If you would prefer a healthcare sharing ministry that takes a more secular approach to medical cost sharing, you just need to shop around and understand the coverage rules.
Popular Healthcare Sharing Ministries
If you’re looking for a healthcare sharing ministry, popular options include:
- Medishare: This is a Christian healthcare ministry made up of members who share eligible medical bills. Members must agree to live by principles taught in the Bible. Premiums are based on the number of people seeking coverage, ages of policyholders, and the “annual household portion” of expenses you pay (which is the equivalent of a deductible). For example, the standard monthly share for one 35-year-old would cost $342 with a $1,750 annual household portion.
- Altrua Healthshare: This healthcare sharing ministry offers copper, bronze, silver, and gold coverage with monthly contributions starting as low as $100 for a copper plan and going up to $265 for gold coverage. Members must agree to share a clean and healthy lifestyle and to share the same faith. Members must not use tobacco or illicit drugs, consume alcohol to excess, engage in extramarital sexual relations, commit physical abuse, or have abortions.
- Liberty Healthshare: There are three program options with Liberty: Liberty Complete, Liberty Plus, and Liberty Share. Premiums vary depending upon whether you are under 30, 30 to 64, or 65 and over. For example, Liberty Complete allows you to share up to $1 million in medical bills and costs $249 for a single person under 30, $349 for a couple, and $479 for a family under 30. Members must practice “longstanding Christian principles” in sharing healthcare costs.
- Samaritan Ministries: Members must attend a Christian church at least three out of every four weeks and must agree to live by Bible-based principles, including abstaining from extramarital sex. There are different membership options including Samaritan Classic and Samaritan Basic, which is less expensive but provides less comprehensive coverage. Premiums for Samaritan Classic would total around $220 monthly for a single person age 30 to 44.
Pros and Cons of a Healthcare Sharing Ministry
It’s important to consider the advantages and disadvantages of joining a healthcare sharing ministry instead of, or in addition to, buying more traditional insurance coverage.
Pros of a Healthcare Sharing Ministry
Advantages of a healthcare sharing ministry include:
- Affordable insurance coverage: Policies may cost much less than the insurance you could obtain through your employer or through the individual insurance market. If you can’t afford traditional insurance coverage, joining a healthcare sharing ministry is usually far better than having no coverage at all.
- Avoiding the Obamacare individual mandate: Through 2019, you can still be penalized if you do not buy Obamacare-compliant insurance. However, you are exempt from this penalty if you’re a member of a qualifying healthcare sharing ministry. Becoming a ministry member may be cheaper than paying the penalty, depending upon your situation.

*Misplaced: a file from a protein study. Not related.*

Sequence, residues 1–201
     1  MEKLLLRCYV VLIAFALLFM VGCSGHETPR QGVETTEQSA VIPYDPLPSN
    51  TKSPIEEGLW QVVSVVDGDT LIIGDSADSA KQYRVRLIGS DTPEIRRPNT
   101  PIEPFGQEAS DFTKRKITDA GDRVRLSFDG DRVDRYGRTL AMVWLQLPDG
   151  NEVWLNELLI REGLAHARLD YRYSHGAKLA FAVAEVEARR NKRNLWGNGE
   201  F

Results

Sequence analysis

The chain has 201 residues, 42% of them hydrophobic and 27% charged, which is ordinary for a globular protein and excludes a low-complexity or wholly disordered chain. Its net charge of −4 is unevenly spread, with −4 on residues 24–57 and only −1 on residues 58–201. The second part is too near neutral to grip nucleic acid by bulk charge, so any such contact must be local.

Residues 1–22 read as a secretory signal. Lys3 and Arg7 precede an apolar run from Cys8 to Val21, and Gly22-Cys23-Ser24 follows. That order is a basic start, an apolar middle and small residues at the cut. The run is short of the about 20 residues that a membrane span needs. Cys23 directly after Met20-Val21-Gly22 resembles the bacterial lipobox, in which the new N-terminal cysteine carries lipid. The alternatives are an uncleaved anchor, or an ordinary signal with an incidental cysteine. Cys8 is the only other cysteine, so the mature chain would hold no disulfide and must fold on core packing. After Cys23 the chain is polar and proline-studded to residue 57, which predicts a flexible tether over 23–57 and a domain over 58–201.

- The ability to be part of a charitable organization: Healthcare sharing ministries are about people helping people. Often with Christian healthcare ministries, people send letters or pray for you when you are ill and need to share the costs of a healthcare need.
- Buying coverage that reflects your beliefs: Some people don’t want to give money to insurance companies that cover things that are against their beliefs, such as abortion. They can join a healthcare sharing ministry that excludes this type of coverage.
Cons of a Healthcare Sharing Ministry
There are also some disadvantages of joining a healthcare sharing ministry, particularly as a replacement to more traditional insurance coverage. This includes:
- A lack of coverage for pre-existing conditions: While the ACA requires all traditional insurance policies to cover pre-existing conditions, this is not the case with healthcare sharing ministries. If you had a medical condition before you get covered, you may not be able to get any help paying for treatments for it, or you may be denied coverage entirely.
- More limits and restrictions: You may need to adhere to certain lifestyle requirements in order to be eligible to join a healthcare sharing ministry.
- No guarantee of comprehensive coverage: Healthcare sharing ministries are not required to provide all of the essential benefits traditional policies must cover under the ACA. And the policies may have lifetime limits, which the ACA prohibited on traditional insurance policies. So, if you have very high medical bills, these policies may not be good for you.
Healthcare Sharing Ministries Are a Good Option Under the Right Circumstances
If you are looking for affordable health insurance coverage and you can’t find it with a traditional insurer—or you don’t want traditional insurance—healthcare sharing ministries are a good alternative. Just make sure you can find a ministry that you can join based on your faith and lifestyle choices, and ensure the health coverage is comprehensive enough to meet your needs.
Author: Christy Rakoczy